- After some throat-clearing to begin the game, the Clippers refocused their offense around their two horses, Paul and Griffin. For Paul, it was child’s play. All afternoon, he swung right of a high pick from his big men and found space to launch uncontested mid-range jumpers. And that’s when the Lakers were lucky. When Howard was on the bench, Paul maneuvered his way to the rim with little resistance. For Griffin, nothing inspires like a few possessions matched up one-on-one with Jamison. When he caught the ball at the elbow, he didn’t deliberate and drove without hesitation. Griffin is well-served when he thinks dribble-drive as his first option in that situation, especially if he has space to get into his move. For Griffin, just because the jumper is “there,” doesn’t mean a drive isn’t. “Whenever those two guys are aggressive, it opens up the floor,” Jamal Crawford said. Crawford, Caron Butler, Willie Green and Matt Barnes -- the Clippers’ wing crew -- saw a bevy of open looks from the perimeter, many of them by way of Paul (12 assists) and Griffin (five dimes of his own).
- The Clippers have had their own issues defensively of late, particularly against the pick-and-roll. They got somewhat of a pass on Sunday because Lakers don’t run a lot of ball-screens. The Lakers looked early into Dwight Howard, posting him up quickly if he found deep position. They also ran a bunch of stuff out of the horns formation, with dribble-handoffs and swing passes until Howard found a spot on the block, Gasol had a clean look in a good spot, or post-ups or freelance isolation for Bryant. The Clippers weren’t perfect. Howard bullied their big men, and defensive rotations were slow at times when they blitzed Bryant on the pick-and-roll. But things improved for the Clippers in the second half as the Lakers became more desperate and the Clippers used their speed to compound that desperation with chaos.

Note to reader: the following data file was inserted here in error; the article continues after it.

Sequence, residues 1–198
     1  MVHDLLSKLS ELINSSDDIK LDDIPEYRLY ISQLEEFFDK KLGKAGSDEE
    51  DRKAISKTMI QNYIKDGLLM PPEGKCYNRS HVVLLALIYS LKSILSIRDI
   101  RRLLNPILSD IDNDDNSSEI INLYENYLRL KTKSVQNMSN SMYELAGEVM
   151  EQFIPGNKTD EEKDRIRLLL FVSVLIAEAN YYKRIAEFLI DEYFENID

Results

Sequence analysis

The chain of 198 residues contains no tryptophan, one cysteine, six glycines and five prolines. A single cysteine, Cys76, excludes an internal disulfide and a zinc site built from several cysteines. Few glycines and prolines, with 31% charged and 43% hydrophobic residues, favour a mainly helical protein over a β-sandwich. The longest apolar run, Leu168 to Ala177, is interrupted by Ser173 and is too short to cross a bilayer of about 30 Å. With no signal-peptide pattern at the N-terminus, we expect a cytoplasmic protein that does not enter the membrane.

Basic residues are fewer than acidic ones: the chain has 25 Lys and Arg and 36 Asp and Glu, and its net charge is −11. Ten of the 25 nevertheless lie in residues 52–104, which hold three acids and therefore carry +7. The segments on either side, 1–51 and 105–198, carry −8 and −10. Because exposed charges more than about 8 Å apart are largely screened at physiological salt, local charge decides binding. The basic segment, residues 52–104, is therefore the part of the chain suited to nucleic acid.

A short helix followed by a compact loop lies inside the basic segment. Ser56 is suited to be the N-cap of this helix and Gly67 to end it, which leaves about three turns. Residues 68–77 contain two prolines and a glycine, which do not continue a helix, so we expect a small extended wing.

- Griffin couldn’t find the net during warmups from long distance. Asked a minute or so after that warmup session whether players are less likely to look for shots they missed badly before the game, Griffin said no -- though he conceded other players might approach things differently. Sure enough, despite the cold snap during warmups from beyond the arc, Griffin attempted three 3-pointers for the first time this season, hitting one of them -- a dagger in the fourth quarter that essentially iced the game and induced a laugh from Griffin. “The thing I was laughing about was that I’d missed every single shot before that,” Griffin said (he was 0-for-7 from outside the paint before the 3). “Guys on the bench were telling me to keep shooting. ‘We want you to take that shot. We see you every day before practice. Keep shooting.’ And I was just like, ‘Man, you guys are crazy.’ So for it to go in, I was laughing.”